Time for Constitutional Reform

May 23, 2009

The recent expose of MPs expenses has brought out into the open the disdain and lack of respect that most people in the UK today have for elected politicians.  I believe that this has always been the case to some extent, but since the days of Margaret Thatcher and accelerated under Tony Blair we have now moved to the point that that lack of respect is justified. Parliament plays no effective role in scrutinising or introducing legislation.  Individual MPs and select committees are the stooges of the party whips, and the government can effectively exercise untrammelled power free from scrutiny by parliament. Only the judiciary occasionally raises its head against the government.

We used to have an unwritten constitutional settlement (well we still do).  The executive and judiciary were all bound in with the legislature-the executive with the house of commons and the judiciary with the house of lords.  Although not an ideal arrangement constitutionally, it used to work effectively because of the respect that members of each of the three elements had  for each other and for the freedoms whiuch were preserved by the complex interactions such a constitutional arrangement engendered.

No More. Successive prime ministers have emasculated the house of commons, taken over the house of lords and filled it with stooges, and shown scant regard for the judiciary.  This current crisis of confidence is in fact the greatest opportunity to correct all this.  What we need is now:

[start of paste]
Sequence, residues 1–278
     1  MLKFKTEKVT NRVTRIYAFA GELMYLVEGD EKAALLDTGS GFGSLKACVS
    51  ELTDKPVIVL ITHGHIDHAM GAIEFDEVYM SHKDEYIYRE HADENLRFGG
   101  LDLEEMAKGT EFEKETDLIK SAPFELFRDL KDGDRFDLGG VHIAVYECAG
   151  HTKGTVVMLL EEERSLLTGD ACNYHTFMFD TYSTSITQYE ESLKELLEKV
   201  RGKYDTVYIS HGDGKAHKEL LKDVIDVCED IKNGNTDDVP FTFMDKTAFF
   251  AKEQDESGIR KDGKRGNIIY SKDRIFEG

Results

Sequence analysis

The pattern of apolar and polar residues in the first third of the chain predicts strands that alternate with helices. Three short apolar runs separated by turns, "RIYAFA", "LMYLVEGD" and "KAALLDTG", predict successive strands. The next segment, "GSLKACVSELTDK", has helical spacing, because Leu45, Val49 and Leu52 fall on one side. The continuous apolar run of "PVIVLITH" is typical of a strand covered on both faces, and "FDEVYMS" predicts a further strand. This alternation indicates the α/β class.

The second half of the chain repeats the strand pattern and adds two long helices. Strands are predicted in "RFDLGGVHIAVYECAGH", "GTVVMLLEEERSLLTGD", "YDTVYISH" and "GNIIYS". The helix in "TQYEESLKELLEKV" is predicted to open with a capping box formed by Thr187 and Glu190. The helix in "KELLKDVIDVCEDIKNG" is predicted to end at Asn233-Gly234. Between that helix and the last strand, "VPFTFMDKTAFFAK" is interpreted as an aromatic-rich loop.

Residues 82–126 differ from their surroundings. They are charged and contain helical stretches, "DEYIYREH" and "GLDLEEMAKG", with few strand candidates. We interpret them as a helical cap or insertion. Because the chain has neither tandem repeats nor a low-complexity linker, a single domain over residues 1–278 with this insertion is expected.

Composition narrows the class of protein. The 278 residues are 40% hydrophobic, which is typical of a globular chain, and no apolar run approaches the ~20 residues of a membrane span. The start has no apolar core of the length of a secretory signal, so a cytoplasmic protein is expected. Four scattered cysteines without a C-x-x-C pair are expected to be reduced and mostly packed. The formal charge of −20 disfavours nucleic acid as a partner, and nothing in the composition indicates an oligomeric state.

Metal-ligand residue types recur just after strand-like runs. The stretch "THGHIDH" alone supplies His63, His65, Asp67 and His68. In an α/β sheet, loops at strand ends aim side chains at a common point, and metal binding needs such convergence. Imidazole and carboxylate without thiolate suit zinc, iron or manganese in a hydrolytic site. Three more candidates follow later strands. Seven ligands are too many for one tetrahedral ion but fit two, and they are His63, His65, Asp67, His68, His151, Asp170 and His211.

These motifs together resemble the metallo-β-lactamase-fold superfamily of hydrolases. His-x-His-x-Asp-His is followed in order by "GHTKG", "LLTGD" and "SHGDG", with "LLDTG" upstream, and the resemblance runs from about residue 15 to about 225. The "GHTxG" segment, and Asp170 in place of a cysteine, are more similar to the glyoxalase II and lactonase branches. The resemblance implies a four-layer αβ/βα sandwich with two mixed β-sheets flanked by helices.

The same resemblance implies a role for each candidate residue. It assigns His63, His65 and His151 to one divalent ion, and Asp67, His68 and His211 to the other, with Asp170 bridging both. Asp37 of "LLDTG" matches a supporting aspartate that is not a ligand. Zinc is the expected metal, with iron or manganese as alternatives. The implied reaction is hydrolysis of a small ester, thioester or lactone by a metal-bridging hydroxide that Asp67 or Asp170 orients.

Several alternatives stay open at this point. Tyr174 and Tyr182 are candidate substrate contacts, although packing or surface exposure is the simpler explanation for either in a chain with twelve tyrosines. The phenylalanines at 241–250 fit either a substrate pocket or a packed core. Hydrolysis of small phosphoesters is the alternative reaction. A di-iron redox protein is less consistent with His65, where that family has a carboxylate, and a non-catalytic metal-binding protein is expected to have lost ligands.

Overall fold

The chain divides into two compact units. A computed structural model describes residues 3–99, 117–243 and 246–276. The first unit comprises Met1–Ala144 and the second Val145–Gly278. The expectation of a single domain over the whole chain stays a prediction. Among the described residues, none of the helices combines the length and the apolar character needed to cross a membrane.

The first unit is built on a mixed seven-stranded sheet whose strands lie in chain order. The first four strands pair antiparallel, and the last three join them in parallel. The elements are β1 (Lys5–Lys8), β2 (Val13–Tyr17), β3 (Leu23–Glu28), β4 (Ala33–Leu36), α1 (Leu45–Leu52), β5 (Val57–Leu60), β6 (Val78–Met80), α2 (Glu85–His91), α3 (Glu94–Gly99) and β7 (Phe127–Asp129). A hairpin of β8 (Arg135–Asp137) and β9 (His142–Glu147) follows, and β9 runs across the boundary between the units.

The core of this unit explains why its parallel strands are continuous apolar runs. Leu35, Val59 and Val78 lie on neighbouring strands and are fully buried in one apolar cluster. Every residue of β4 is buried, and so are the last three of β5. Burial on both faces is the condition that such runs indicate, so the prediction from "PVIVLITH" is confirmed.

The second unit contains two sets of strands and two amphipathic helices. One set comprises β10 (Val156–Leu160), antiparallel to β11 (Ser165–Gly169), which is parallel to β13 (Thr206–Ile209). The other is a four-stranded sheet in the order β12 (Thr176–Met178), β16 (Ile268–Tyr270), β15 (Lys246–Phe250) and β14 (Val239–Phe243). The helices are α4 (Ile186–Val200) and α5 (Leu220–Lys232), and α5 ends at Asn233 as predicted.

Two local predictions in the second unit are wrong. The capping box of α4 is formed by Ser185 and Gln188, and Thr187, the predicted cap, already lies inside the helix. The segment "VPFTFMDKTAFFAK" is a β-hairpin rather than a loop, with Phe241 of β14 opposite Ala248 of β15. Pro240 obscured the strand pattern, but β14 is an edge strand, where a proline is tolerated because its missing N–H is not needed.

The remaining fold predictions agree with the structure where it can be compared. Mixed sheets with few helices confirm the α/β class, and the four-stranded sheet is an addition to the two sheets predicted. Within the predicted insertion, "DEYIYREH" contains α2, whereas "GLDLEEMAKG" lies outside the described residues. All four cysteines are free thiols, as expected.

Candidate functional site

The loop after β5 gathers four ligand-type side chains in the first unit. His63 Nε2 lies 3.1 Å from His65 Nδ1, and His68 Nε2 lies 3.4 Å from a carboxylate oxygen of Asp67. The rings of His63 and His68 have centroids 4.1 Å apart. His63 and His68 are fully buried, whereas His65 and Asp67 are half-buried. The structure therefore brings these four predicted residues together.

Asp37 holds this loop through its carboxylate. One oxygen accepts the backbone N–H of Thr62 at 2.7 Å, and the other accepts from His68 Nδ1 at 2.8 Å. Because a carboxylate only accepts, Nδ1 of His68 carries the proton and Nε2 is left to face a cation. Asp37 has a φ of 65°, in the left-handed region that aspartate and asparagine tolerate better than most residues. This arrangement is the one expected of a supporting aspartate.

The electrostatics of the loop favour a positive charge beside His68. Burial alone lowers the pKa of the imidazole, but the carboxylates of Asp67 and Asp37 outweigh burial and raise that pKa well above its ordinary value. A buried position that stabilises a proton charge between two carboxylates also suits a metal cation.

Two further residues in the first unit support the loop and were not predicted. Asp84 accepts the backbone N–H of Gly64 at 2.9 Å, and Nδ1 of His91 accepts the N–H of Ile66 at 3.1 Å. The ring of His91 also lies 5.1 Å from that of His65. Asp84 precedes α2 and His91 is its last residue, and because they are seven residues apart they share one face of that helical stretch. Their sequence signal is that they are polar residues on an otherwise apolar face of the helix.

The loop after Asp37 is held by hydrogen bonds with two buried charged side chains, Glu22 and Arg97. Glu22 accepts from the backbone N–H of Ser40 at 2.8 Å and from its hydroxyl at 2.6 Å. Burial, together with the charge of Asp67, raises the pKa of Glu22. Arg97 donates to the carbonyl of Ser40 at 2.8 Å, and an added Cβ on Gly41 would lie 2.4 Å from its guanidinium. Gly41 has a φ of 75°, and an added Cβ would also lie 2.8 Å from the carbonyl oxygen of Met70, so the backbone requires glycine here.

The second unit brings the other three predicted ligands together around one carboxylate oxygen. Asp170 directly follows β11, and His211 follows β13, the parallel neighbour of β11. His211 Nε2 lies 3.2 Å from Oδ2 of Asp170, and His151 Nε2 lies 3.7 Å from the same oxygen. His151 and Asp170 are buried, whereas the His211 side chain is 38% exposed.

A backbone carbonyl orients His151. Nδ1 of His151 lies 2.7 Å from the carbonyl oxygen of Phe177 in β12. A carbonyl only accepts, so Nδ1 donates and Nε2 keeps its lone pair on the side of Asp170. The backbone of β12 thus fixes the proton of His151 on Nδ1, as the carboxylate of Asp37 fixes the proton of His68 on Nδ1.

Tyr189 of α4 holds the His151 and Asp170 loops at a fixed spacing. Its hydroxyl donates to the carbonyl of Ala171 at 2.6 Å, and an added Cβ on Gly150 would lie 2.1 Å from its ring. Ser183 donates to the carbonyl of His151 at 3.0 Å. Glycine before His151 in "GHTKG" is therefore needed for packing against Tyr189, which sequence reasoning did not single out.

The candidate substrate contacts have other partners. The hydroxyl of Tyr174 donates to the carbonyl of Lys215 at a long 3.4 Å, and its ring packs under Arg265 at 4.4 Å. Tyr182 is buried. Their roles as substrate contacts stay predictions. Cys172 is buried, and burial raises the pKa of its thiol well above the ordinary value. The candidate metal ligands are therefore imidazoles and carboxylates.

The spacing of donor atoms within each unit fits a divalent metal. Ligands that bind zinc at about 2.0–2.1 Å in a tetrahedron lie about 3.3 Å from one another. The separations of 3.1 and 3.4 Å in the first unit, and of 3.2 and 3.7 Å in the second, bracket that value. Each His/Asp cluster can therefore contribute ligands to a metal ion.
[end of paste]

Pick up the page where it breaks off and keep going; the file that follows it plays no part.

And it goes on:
1) A wholly elected house of Lords.   I would favour election by FPTP of 100-200 members geographically based around English local authority or county boundaries. This would be the “English Parliament”.  Devolved matters would be referred to the local parliaments or assemblies of Scotland,Wales and Northern Ireland, and matters affecting only England would have to pass this house

2) The house of Commons reduced to between 400 and 500 members.To be elected by PR with STV system

3) The Prime minister to be directly elected and to serve a maximum of 2 parliaments

4) Government ministers not to sit in the commons.  If an MP is appointed to the government there should be a bye-election

5) The houses of parliament, not the government to control the business of the commons-both the timetable and the composition of  select committees

6) Fixed term4 year parliaments

I believe this would give power back to parliament, solve the West Lothian question, Reduce the size of our government by 50% and restore self-respect and, eventually, public faith in MPs. 

Only one person has the power tomake this reality.David Cameron.  I hope he has the courage to do so


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